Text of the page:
Astronomy Picture of the Day

Discover the cosmos! Each day a different image or photograph of our fascinating universe is featured, along with a brief explanation written by a professional astronomer.

2002 September 20
See Explanation.  Clicking on the picture will download
 the highest resolution version available.

The Crab Nebula Pulsar Shrugs
Credit: J. Hester (ASU), CXC, HST, NRAO, NSF, NASA

Explanation: How does a city-sized neutron star power the vast Crab Nebula? The expulsion of wisps of hot gas at high speeds appears to be at least part of the answer. Yesterday time-lapse movies taken from both the Chandra X-ray Observatory and the Hubble Space Telescope were released showing a wisp of gas moving out at about half the speed of light. Wisps like this likely result from tremendous electric voltages created by the central pulsar, a rapidly rotating, magnetized, central neutron star. The hot plasma strikes existing gas, causing it glow in colours across the electromagnetic spectrum. Pictured above is a composite image of the centre of the Crab Nebula where red represents radio emission, green represents visible emission, and blue represents X-ray emission. The dot at the very centre is the hot pulsar spinning 30 times per second.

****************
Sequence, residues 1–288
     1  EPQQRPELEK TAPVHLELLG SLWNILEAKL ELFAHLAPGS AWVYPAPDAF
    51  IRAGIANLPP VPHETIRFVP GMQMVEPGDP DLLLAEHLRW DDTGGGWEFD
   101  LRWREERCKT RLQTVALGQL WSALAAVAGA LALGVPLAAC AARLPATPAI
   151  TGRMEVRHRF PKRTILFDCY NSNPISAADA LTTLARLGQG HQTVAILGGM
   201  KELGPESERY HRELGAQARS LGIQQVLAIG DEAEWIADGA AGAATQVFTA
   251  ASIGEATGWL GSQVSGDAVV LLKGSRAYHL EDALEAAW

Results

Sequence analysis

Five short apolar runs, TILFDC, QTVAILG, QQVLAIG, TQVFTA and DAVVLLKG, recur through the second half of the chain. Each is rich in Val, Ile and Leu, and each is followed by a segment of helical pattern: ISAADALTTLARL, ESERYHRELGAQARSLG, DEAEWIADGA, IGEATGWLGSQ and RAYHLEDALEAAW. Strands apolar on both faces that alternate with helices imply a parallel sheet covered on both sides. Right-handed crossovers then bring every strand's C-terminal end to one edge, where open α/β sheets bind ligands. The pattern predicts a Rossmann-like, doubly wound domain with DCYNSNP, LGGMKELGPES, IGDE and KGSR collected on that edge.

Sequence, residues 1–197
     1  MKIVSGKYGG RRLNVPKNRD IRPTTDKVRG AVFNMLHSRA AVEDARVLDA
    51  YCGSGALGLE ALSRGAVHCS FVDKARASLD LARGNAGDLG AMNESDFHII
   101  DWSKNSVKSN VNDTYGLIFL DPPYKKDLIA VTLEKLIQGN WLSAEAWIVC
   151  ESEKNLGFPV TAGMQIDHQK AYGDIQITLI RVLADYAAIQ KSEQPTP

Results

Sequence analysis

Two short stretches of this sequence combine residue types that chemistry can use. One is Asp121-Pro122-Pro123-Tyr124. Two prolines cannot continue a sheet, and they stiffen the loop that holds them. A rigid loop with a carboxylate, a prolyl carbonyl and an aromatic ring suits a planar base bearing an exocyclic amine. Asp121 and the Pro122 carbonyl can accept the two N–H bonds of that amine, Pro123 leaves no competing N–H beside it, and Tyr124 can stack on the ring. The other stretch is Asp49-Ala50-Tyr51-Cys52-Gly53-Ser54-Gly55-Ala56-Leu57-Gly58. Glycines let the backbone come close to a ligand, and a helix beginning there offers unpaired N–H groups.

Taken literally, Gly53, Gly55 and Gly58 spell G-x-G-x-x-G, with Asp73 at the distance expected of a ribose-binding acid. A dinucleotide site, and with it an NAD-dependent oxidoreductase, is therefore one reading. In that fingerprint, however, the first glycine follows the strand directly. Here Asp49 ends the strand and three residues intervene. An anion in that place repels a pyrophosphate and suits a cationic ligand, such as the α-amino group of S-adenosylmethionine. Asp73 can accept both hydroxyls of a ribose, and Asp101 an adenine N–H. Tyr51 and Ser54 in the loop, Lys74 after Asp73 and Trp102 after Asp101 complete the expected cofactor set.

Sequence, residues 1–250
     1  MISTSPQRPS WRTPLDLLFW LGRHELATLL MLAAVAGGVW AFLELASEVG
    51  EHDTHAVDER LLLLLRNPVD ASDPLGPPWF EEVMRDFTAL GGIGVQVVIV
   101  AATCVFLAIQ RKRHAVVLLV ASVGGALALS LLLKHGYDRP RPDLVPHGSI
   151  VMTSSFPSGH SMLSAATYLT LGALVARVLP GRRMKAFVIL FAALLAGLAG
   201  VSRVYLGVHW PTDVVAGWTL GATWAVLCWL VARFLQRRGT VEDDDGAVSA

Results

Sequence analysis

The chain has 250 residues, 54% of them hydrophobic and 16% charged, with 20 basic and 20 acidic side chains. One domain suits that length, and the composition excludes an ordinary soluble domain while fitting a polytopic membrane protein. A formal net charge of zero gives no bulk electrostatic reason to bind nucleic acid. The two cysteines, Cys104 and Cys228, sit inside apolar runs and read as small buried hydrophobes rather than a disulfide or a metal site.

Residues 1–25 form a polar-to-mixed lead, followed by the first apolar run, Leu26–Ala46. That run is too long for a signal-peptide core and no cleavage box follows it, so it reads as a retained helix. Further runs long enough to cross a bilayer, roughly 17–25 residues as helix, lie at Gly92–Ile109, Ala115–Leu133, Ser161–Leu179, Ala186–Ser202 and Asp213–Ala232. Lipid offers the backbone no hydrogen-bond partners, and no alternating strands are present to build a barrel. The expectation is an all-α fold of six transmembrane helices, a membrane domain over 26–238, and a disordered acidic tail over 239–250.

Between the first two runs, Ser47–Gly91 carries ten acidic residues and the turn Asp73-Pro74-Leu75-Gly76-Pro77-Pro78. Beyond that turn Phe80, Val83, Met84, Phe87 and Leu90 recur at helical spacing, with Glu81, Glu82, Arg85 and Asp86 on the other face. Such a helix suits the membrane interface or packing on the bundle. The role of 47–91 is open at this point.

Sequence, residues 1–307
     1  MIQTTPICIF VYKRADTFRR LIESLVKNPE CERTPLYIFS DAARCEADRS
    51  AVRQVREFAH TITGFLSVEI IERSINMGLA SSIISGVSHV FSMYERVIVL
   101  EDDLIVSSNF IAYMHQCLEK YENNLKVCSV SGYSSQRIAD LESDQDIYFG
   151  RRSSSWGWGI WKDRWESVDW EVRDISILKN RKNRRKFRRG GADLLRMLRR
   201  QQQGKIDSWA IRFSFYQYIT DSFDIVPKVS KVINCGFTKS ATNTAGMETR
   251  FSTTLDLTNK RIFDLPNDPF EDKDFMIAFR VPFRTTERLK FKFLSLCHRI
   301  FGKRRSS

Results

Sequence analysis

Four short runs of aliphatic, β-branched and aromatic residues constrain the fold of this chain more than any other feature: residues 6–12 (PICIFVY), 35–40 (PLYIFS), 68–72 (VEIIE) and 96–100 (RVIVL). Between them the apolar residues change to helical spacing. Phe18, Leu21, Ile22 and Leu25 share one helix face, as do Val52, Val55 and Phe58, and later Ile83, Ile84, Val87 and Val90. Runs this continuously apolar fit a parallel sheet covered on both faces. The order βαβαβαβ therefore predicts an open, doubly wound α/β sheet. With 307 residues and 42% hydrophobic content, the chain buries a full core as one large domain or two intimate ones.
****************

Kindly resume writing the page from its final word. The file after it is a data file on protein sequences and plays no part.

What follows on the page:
Tomorrow's picture: Moonset

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Authors & editors: Robert Nemiroff (MTU) & Jerry Bonnell (USRA)
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